The sense of excitement at this inaugural event was heightened by the presence of a television crew, who are making a documentary about the impact of CCMP in Shinyanga and especially Mwamadilanha. The TV crew also interviewed Richard Teare (GULL President) and Revd Isaya, CCMP co-ordinator for Tanzania.



(Above left) Peter Ngwili, CCMP co-ordinator, MUD region translates for Richard Teare – who is far from fluent in Swahili!

(Above right) Happy graduands relax over lunch in the sunshine after the event.




Kenya’s Second GULL Graduation: 2 October 2010
Ewauso Ngiro village, Narok County, Maasi region, Kenya

More than 200 GULL participants received their level 2 or 3 awards (professional Bachelor, Master and Doctor pathways) at the second GULL graduation held on 2 Oct, 2010 in Narok County. Expansion across Kenya and elsewhere in East Africa has been made possible by the successful GULL pilot work hosted by the Free Pentecostal Fellowship in Kenya, Compassion International Kenya, Tearfund and World Vision International Kenya. The Kenya video case study in the Media section at the GULL website – www.gullonline.org profiles the starting point and the inaugural graduation event held in January, 2010.

(Above) Sat 2 Oct, GULL participants in traditional Maasai dress lead the procession.

Right, front) Dr Sarone Ole Sena has led and co-ordinated the entire piloting phase in Kenya. He is a remarkable visionary and outstanding facilitator.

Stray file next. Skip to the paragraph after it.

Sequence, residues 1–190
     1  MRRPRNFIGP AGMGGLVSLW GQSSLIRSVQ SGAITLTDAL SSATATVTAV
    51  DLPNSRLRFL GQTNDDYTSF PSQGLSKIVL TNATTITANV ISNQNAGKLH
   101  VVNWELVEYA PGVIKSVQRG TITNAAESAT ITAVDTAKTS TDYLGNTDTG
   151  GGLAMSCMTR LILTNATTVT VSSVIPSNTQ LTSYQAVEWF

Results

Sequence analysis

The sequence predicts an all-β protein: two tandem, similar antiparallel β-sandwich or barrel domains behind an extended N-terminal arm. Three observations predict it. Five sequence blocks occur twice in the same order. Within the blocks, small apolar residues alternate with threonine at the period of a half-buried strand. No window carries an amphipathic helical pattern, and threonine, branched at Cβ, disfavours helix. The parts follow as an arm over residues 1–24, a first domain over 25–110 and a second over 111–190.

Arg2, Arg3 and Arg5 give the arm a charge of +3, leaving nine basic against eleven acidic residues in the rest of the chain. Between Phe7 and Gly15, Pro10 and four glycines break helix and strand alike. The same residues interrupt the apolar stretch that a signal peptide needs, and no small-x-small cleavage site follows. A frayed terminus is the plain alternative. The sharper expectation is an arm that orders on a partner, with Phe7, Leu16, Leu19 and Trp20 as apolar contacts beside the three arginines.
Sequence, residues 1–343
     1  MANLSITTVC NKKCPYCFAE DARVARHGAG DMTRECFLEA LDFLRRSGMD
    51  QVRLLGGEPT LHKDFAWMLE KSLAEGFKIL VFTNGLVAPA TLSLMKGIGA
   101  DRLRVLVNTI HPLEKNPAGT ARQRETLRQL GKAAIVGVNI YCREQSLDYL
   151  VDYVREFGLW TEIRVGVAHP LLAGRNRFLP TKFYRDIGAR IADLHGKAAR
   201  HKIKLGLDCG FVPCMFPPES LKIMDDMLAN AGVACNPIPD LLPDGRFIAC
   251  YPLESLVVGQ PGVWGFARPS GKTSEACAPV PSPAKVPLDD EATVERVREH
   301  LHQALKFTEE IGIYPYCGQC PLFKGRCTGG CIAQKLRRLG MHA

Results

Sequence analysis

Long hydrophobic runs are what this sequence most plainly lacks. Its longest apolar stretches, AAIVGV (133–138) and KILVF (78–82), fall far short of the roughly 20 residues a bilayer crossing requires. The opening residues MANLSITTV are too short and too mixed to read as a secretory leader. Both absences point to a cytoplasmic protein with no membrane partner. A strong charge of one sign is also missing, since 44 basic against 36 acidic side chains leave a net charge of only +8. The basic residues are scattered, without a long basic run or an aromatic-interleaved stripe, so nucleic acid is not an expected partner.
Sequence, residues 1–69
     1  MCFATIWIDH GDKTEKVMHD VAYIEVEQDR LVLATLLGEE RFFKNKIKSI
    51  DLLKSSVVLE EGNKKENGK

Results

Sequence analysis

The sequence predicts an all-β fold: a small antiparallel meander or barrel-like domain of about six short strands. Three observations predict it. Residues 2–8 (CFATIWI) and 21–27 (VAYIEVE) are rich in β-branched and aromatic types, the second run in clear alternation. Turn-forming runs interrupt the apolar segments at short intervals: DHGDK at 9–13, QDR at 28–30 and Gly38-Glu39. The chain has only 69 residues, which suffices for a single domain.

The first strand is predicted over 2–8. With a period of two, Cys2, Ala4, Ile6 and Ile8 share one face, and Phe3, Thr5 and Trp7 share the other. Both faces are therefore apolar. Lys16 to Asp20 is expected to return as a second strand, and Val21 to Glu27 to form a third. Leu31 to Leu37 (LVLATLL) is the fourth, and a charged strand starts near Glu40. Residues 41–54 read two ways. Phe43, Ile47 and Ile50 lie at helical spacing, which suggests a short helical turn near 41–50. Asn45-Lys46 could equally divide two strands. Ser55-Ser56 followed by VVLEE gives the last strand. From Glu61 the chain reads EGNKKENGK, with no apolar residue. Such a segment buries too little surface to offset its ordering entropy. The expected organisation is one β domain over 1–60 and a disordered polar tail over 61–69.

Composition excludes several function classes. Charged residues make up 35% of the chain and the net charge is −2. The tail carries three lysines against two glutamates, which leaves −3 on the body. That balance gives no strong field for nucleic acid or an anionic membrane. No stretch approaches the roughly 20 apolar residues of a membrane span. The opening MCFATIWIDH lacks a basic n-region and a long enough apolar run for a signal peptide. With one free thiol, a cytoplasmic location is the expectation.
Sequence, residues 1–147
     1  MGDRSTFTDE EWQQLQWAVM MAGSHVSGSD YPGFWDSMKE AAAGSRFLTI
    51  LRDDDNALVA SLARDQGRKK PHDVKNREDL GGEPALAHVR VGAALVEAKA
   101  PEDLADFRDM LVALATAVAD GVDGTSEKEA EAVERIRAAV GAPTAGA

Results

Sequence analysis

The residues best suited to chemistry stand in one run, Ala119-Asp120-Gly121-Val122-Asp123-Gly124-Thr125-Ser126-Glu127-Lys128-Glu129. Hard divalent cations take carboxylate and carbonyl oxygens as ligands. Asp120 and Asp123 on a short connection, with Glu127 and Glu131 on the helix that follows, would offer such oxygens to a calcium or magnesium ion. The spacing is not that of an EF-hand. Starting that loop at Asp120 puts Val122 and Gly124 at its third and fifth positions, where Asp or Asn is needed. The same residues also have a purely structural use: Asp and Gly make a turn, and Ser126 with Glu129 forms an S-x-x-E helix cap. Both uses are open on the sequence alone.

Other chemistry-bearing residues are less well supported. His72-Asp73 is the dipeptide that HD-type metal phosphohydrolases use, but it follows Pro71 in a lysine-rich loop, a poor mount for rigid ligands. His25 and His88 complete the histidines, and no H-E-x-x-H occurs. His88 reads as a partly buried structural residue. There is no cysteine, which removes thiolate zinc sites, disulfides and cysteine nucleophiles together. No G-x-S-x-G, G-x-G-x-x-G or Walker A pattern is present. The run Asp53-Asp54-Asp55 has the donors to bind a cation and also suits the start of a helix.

CCMP-GULL: Developing an impact tracking system
Professional Doctor pathway project: Jonas Ngelango and Francis Njoroge
Jonas and Francis are members of the Kenya-based Doctor of Professional Studies leadership group. They are developing a return on investment impact tracking system for Tearfund’s Church and Community Mobilization Process (CCMP). They are designing the overall system architecture for the tracking system and their support team of six professional Master pathway country facilitators are working together to design a single generic procedure for implementing the tracking system.

Rationale for the project:
CCMP is well established and highly regarded throughout Africa because it works. Although there is much anecdotal evidence, there is however, little quantitative data to prove that a return on investment in the cost of CCMP is secured – each and every time the process is implemented.

(Right) Jonas Ngelango, Tearfund Country Representative, Sudan

By mapping the outcomes of CCMP with GULL’s professional Bachelor pathway it has been possible to align and integrate GULL certification. The outcomes mapping provides a framework so that prior to every level of certification, CCMP-GULL participants are able to gather and summarize the evidence of their own learning (personal and professional) and the specific contribution they have made to community-based development projects. The evidence gathering format draws on generic GULL forms and existing CCMP procedures and soon for the first time, the impact tracking project team will be able to aggregate this evidence at village, community, regional and national levels. This will provide Tearfund Country Representatives throughout Africa with a systemized way of assembling and presenting the evidence.

The impact tracking project will help to transform the evidence of return on investment (ROI) from CCMP. It will enable Tearfund’s Country Representatives to provide a complete picture of ROI together with underlying supporting data. This is an excellent example of the expected outcomes of GULL professional Doctor and Master level 5 degree work.

(Right) Francis Njoroge, Consultant and Tearfund lead facilitator, CCMP.